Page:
After skinning the rabbit, make a slit in the abdominal wall of the carcass along the middle line of the belly, cutting from the breast bone to the tail. Remove the bladder and entrails carefully. Pinch or cut the gall bladder away from the liver being careful not to break it and spill the bile. The liver, heart and kidneys can be cooked and eaten or fed to your cat or dog. Rinse the carcass in cold water to remove hair and blood and refrigerate for 10-12 hours before cutting up.

All work in connection with rabbit carcasses should be done in a hygienic and sanitary manner.

Recipe for Creole Rabbit
Rabbit (about 1.5kg ready-to-cook) cut in serving pieces
1 cup milk
Flour, salt, pepper
3 tablespoons olive oil
Creole sauce (see recipe below)

Dip rabbit in milk and roll it in mixture of flour, salt, and pepper.
Heat oil and brown rabbit lightly on all sides. Pour sauce over rabbit; cover pan.
Bake at 160oC (slow oven) 1? hours, or until meat is tender. Uncover and bake 30 minutes longer to brown top. Serves six.

Creole Sauce
2 medium onions, sliced
4 cloves garlic, finely chopped
1 tablespoon chopped parsley
3 tablespoons olive oil
3? cups tomato juice or 1 large can of tomatoe soup
Worcestershire sauce, salt and pepper to taste

Cook onions, garlic, parsley and optional vegetables in the oil until onion is golden brown. Add other ingredients except salt and pepper and cook gently for 15 minutes. Season to taste.

Readers' Comments

From: "TrawePark" trawepark@netspeed.com.au
Date: 06/12/2002 15:58:10

> We are 'first time' breeders who purchased our breeding stock in May and
> June this year.  With our first joining we were quite successful in having
> large litters born, however we lost three quarters of the kittens.  We were
> told that it could have been caused by the cold, or more likely because the
> does were maidens.  Since then we have been quite successful and about half
> of our kittens have survived.  We have been trying to find out if anyone has
> had success with removing the live kittens from mothers who have rejected
> them and  raising them by hand - if it can be done is there a special milk
> formula then fed to the kittens and also where we can purchase the necessary
> teats and feed bottles. Our local vets were unable to help us as were the
> CSIRO rabbit breeding programme.  We have tried moving kittens from one doe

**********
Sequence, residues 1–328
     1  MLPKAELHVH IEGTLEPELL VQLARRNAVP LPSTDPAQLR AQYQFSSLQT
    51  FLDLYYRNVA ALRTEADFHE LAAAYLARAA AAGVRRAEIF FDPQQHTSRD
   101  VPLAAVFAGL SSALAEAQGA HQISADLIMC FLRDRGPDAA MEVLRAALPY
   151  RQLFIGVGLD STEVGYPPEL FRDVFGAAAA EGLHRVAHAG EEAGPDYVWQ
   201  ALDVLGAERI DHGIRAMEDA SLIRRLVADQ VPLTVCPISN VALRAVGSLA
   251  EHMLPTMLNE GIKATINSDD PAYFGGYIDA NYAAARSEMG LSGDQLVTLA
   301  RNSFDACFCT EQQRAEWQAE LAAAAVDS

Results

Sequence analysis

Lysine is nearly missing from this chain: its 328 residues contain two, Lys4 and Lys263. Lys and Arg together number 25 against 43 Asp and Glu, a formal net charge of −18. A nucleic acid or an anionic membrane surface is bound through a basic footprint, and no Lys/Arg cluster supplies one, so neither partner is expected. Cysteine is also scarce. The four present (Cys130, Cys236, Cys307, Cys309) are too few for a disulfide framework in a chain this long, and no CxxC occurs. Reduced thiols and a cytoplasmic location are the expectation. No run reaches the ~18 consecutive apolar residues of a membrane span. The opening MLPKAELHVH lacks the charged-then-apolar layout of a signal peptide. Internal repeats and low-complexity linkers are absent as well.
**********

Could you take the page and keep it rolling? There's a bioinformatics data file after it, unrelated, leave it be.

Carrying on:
> to another who has a smaller litter but have'nt had any success.  We have
> also had instances where the does have eaten their kittens.
> We have fed our rabbits the pellets and a piece of dried bread (we were told
> that this would help with the milk) and have also fed handfuls of Lucerne
> every day.
> Any advice you or anyone else can pass on would be greatly appreciated.  We
> will also pass on our success stories with you as it may be of help to
> someone else.
> Many thanks
> Ian and Colleen Gilbert

From: "road hog 1" am014h2323@blueyonder.co.uk
Date: 26 Jun 2003

To Ian and Colleen Gilbert, 
            if u r hand rearing kits try kitten or puppy milk, which u can get 
from any good pet store i found this to be really helpfull. Just dilute it down 
as they get older. Also i have found a recipe for milk that can be used:-   
         1 pint skimmed milk
         2 egg yolks
         2 table spoons Karo syrup
         1 table spoon bone meal
feed this to the kits with an eyedropper until they are full (usually they eat 
5-7ccs). i hope this is of help to you, write and let me know how it goes.  
TC Matthewman

From: "Jody Ballenger" jody_ballenger@hotmail.com
Date: 25 Mar 2006

I just had a comment on the person wanting to know if anyone could help...  
I have a litter that is now 12 days old, and they were not getting fed.  
I took them to a local vet and they gave the mother rabbit a shot of oxytocin, 
and a 5 french feeding tube and marked it how far to insert I alternated, 1cc of 
puppy milk 1 egg yolk and a half a cc of acidophilus ( mix all together and total 
fed 1 cc), and then pedialyte every two hours four about 14 hours by the next day 
the mothers milk was in and she took over.  We were able to save 4 out of the 6 
which would have died from dehydration.  Hope this is of help

If you have some relevant experience, please send us your comments to be added to this page.